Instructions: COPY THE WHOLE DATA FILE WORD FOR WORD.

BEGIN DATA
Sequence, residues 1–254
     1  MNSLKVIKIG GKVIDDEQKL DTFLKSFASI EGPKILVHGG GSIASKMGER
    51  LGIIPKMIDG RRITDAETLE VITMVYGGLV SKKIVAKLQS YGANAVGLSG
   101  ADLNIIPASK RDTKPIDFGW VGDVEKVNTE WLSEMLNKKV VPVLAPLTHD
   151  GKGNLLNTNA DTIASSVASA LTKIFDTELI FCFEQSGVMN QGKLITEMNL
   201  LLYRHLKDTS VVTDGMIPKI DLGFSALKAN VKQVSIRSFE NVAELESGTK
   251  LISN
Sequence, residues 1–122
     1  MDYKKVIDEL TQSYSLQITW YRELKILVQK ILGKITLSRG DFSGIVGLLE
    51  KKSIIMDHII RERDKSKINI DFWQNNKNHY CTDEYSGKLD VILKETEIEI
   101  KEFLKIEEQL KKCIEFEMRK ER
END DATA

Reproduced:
Sequence, residues 1–254
     1  MNSLKVIKIG GKVIDDEQKL DTFLKSFASI EGPKILVHGG GSIASKMGER
    51  LGIIPKMIDG RRITDAETLE VITMVYGGLV SKKIVAKLQS YGANAVGLSG
   101  ADLNIIPASK RDTKPIDFGW VGDVEKVNTE WLSEMLNKKV VPVLAPLTHD
   151  GKGNLLNTNA DTIASSVASA LTKIFDTELI FCFEQSGVMN QGKLITEMNL
   201  LLYRHLKDTS VVTDGMIPKI DLGFSALKAN VKQVSIRSFE NVAELESGTK
   251  LISN
Sequence, residues 1–122
     1  MDYKKVIDEL TQSYSLQITW YRELKILVQK ILGKITLSRG DFSGIVGLLE
    51  KKSIIMDHII RERDKSKINI DFWQNNKNHY CTDEYSGKLD VILKETEIEI
   101  KEFLKIEEQL KKCIEFEMRK ER